Bill Linnane on Christmas shopping: 'My 15-year-old wants an iPhone or death'
Friends, I have some terrible news: it is beginning to look a lot like Christmas. This will come as a shock to many — those who kick against the pricks of artificial pine needles, who see the elastication of the festive period as cheapening it — but you can’t deny that with the dark evenings rolling in and the desire to eat all around us rising, our loins have been girded for the epicurean implosion of Christmas.
There are those among us — country folk — who believe Christmas doesn’t start until they roll their combine harvester into the local town on December 8 and do all their shopping in two hours of panic-buying in the local co-op. There are also those among us — specifically Brown Thomas management — who would start Christmas some time in August, when their festive shop opens to great fanfare in the middle of a heatwave, with excited children in shorts and flip-flops being greeted by the spectacle of sweaty reindeer using their big brown eyes to plead for death, whilst Santa slumps to the floor of his fibreglass sleigh after succumbing to heatstroke.
There are, however, us sorry souls who start their Christmas season even earlier — the breeders. In fact, if you have more than two kids, it was beginning to look a lot like Christmas from about December 27 last, when your forward planning for the following year kicks off. If a toy didn’t get opened in the morning melee, it is quietly shuffled back upstairs into the attic, and goes back into the pot for the following year — once more with feeling kids, maybe next time round you will appreciate the 2,000 piece jigsaw of the Basilica at Knock. With a large family, Christmas shopping is not just for Christmas, but for life, because if you don’t spread the cost across 12 months, your January healthy eating plan will involve not being able to afford food.
Central to the success of this year-long shopping is a North Korean-style campaign of persuasion, propaganda and outright mind control. As you find cheap toys on special offer during the year, you need to start training your kids to want them for Christmas.
The under-10s are easy to manipulate, with their poor pliable minds open to any and all bargain bucket buys. It’s the older ones that present the real challenges. The 15-year-old wants an iPhone; no, not an android phone that is every bit as good as an iPhone, she wants an iPhone and nothing else. Why? The camera is the best because somehow photos are now used instead of words, much like hieroglyphics in ancient Egypt. No, don’t show her the various articles online that proves there are better cameras on better phones for better value — she is not interested. Give her Apple or give her death. She is, however, willing to make some slight concessions by not demanding the most recent iteration of the world’s worst tech investment, and will accept the second-most recent. Meanwhile, the 10-year-old has decided he needs another games console because two isn’t enough. He is succumbing to the true meaning of Christmas — believing things you don’t have are better than the things you do have.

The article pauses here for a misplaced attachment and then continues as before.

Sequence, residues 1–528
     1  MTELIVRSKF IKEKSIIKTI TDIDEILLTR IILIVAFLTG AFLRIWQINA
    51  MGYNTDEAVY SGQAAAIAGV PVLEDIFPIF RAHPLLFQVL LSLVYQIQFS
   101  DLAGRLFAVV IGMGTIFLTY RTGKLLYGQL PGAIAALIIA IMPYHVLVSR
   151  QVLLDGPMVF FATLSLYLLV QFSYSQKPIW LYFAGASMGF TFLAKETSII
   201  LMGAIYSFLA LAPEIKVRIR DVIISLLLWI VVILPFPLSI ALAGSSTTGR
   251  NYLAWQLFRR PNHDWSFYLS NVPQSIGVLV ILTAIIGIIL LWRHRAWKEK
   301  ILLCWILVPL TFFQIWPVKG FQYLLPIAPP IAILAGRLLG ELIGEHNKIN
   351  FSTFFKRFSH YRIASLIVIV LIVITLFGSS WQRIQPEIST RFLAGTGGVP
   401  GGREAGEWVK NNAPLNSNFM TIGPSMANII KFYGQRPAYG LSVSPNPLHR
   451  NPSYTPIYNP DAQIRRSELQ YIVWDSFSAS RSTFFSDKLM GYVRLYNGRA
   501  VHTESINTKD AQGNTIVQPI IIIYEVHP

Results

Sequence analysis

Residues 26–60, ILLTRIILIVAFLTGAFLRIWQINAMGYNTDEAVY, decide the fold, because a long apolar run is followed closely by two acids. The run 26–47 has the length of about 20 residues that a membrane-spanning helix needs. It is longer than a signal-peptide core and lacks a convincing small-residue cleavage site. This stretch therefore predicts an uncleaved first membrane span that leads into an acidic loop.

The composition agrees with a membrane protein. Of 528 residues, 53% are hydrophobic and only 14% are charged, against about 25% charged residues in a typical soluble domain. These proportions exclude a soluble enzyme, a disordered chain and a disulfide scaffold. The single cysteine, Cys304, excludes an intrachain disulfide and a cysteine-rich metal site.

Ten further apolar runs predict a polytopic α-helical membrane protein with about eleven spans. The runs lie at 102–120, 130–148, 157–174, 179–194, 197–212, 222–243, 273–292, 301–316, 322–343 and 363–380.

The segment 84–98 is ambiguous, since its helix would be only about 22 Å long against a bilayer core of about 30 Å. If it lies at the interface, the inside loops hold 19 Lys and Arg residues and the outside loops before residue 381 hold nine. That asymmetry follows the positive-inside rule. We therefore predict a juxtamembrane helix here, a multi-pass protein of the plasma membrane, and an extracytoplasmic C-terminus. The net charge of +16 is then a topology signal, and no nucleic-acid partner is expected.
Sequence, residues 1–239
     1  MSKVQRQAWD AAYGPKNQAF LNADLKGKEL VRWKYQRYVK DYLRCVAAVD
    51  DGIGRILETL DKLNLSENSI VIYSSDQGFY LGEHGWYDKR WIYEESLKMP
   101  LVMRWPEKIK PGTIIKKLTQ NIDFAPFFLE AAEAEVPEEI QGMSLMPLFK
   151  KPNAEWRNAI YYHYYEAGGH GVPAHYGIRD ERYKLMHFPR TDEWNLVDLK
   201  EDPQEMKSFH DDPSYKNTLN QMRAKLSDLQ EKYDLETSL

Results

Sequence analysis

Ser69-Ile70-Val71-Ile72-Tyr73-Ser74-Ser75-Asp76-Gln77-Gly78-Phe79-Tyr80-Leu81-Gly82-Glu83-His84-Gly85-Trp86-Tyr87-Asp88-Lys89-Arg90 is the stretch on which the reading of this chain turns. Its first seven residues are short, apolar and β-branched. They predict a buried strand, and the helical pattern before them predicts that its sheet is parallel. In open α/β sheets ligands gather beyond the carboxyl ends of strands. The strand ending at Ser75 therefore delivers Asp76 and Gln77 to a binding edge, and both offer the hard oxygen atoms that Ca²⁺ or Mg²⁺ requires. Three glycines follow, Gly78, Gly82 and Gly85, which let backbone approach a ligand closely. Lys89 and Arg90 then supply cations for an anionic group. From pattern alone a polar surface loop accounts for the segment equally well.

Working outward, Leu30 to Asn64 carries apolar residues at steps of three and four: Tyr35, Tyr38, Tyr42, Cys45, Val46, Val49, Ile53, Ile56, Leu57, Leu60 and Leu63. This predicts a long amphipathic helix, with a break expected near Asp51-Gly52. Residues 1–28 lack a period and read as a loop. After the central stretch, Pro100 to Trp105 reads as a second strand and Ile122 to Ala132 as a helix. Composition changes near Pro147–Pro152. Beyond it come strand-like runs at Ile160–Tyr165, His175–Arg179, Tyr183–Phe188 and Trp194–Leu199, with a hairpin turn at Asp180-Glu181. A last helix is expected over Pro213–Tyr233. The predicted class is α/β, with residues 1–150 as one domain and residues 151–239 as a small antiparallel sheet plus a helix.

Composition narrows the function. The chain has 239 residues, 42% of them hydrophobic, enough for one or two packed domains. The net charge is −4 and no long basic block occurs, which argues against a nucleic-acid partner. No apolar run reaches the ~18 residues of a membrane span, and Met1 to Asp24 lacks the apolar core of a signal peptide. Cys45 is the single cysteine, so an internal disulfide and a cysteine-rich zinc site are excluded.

In between all this is my need to try and give them something of true value. My parents were conservative when it came to music, films and culture in general, but they had an open-door policy on almost all books. If I was reading, then it couldn’t be a bad thing.
When I started getting into Stephen King at 12, they bought me his best works. For Christmas 1990, at my request they bought me works by Charles Bukowski and William S Burroughs, two of the most pretentious deviants you could ask for. Almost any book I asked for, I got, and while Morrissey once crooned that there’s more to life than books, part of me still believes that there really isn’t.
So the daughter gets an iPhone — and the book Steve Jobs’ daughter wrote about him, so maybe next year the brand won’t be the apple of her eye. The 10-year-old gets whatever I can throw at him — Tolkien, Philip Pullman, Neil Gaiman, CS Lewis — if it has an elf in it, he is getting it, along with the weak pitch of ‘this is a games console of the mind’. The smallies will get whatever is on special offer in the bookshop. And for us, another few books on personal finance and parenting, because at some point in the distant, utopian, empty-nested future, we may actually have time to read them, in between finally completing that Knock Basilica jigsaw.